TABLE 1__________________________________________________________________________TRUE DIVISOR COMPLEMENT DIVISORDIVIDEND 100 101 110 111 DIVIDEND 100 101 110 111__________________________________________________________________________000 0 0 0 0 000 3/2 3/2 1 1001 0 0 0 0 001 3/2 1 1 1010 1/2 1/2 1/2 1/2 010 1 1 3/4 3/4011 1/2 1/2 1/2 1/2 011 1 1 3/4 3/4100 1 1 3/4 3/4 100 1/2 1/2 1/2 1/2101 1 1 3/4 3/4 101 1/2 1/2 1/2 1/2110 3/2 1 1 1 110 0 0 0 0111 3/2 3/2 1 1 111 0 0 0 0__________________________________________________________________________
As has been hereinbefore described, the foregoing Table 1, when reduced to a semiconductor chip for the selection of values for M, has provided complete and accurate results for divide calculations in nearly all cases. However, certain divisors and dividends have been discovered to produce inaccurate results, wherein a quotient was incorrectly incremented, or an incorrect indication of an inexact result has occurred. These cases involve numbers where the quotient bits produced near the end of the division iterations were 00, and the partial remainder remained unchanged. The problem has come to light in attempting to design a divide circuit which conforms in all cases to the ANSI/IEEE Standard.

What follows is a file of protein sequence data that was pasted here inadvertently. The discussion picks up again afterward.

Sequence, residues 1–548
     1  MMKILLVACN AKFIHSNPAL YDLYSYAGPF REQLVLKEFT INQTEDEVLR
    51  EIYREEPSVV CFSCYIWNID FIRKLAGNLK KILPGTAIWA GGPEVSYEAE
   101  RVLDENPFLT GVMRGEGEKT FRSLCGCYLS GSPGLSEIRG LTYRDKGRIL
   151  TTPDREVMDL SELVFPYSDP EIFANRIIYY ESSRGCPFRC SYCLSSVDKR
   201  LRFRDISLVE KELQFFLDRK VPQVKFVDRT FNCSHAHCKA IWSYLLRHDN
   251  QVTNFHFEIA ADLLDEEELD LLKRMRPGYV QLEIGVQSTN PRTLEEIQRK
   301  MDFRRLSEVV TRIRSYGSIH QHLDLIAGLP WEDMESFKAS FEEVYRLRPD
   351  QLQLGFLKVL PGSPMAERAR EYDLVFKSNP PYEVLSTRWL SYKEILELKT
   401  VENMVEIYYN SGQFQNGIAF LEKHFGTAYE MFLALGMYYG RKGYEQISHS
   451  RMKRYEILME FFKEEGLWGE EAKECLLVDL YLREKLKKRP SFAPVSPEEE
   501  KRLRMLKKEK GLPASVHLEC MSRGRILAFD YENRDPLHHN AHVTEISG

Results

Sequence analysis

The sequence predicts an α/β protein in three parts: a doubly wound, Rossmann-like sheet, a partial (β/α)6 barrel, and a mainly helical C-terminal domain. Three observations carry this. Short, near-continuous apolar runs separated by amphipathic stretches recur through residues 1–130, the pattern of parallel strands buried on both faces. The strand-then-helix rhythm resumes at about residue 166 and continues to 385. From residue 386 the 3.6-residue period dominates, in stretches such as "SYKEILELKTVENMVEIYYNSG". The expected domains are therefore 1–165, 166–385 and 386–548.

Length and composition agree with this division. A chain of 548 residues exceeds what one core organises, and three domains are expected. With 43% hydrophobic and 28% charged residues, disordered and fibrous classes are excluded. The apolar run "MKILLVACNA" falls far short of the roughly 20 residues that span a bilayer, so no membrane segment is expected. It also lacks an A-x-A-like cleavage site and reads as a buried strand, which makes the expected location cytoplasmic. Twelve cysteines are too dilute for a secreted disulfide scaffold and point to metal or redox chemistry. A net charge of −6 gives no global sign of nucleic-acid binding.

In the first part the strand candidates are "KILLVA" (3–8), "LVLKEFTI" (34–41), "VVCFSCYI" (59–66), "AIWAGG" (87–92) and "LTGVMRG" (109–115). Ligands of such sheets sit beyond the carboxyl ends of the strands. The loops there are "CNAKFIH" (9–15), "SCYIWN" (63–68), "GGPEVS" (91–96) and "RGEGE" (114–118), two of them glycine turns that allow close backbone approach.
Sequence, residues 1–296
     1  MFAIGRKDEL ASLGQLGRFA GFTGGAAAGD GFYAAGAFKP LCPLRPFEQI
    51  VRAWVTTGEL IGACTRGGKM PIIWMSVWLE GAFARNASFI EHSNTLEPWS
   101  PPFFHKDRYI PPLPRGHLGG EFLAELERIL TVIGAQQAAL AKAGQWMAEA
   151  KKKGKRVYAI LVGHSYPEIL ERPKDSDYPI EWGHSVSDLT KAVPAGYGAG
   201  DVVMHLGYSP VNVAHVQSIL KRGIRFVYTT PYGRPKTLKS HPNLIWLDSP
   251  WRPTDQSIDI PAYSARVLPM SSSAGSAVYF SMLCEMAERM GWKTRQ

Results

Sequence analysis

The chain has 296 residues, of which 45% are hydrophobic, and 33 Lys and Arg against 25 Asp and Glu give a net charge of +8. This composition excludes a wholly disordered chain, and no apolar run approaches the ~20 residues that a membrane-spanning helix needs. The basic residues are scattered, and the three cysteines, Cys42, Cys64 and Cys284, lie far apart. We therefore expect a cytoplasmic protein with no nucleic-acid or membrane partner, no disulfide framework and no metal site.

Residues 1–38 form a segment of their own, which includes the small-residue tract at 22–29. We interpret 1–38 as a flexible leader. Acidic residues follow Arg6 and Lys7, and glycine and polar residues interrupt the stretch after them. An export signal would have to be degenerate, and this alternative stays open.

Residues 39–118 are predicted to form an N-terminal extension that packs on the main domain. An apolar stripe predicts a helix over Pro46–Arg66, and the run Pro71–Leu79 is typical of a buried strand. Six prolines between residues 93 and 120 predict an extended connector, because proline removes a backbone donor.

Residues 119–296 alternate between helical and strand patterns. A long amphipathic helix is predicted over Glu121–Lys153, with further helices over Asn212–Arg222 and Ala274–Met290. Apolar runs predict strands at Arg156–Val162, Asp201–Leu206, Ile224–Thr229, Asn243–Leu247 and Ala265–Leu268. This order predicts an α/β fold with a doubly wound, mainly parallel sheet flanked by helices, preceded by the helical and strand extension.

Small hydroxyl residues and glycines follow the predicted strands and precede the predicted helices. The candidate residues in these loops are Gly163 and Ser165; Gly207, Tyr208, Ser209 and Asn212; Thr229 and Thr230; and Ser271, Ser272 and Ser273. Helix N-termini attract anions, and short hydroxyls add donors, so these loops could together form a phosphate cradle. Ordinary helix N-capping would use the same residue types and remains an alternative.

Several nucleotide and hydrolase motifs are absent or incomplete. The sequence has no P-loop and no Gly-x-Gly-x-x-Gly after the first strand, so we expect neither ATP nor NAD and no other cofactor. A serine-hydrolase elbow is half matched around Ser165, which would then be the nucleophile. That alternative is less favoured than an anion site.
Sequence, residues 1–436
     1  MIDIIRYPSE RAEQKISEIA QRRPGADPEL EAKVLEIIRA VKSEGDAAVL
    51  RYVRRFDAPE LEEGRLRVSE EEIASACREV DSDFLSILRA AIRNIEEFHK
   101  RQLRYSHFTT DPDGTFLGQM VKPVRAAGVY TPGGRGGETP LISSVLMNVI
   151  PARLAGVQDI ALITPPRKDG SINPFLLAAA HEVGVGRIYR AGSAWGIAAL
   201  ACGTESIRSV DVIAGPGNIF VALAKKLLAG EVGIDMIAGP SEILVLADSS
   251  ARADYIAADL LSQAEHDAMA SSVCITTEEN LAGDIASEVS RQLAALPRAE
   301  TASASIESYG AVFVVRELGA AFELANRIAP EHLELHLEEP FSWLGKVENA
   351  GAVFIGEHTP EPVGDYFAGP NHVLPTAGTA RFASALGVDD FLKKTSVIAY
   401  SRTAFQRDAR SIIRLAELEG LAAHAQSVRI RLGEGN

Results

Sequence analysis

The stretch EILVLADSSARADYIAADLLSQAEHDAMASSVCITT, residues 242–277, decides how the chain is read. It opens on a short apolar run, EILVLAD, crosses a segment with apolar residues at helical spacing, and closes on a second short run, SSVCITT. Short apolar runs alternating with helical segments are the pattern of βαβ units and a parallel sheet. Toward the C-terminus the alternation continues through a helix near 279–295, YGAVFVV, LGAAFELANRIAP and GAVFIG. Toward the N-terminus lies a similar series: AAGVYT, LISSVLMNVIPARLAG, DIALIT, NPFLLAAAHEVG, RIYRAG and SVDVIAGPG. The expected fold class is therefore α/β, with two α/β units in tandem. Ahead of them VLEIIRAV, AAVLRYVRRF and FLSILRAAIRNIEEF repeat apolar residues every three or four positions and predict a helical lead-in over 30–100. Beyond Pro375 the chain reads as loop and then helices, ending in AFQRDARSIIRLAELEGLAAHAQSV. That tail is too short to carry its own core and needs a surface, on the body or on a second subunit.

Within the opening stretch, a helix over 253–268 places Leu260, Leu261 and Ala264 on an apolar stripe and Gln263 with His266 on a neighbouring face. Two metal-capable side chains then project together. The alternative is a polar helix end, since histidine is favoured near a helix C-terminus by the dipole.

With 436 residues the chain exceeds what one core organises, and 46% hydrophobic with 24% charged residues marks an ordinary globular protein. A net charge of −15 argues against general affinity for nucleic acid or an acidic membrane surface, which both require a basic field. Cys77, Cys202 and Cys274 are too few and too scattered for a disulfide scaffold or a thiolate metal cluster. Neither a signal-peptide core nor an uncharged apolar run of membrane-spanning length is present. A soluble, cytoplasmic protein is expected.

The present invention sets forth a new and additional criterion for choosing the multiplier M. This new criterion is intended to be used in addition to the old criterion, and not to replace the old criterion. The new criteria can be stated as follows: For iterations producing zeros for quotient bits, but not a zero for the partial remainder, the multiplier M should be chosen such that the following equation is met: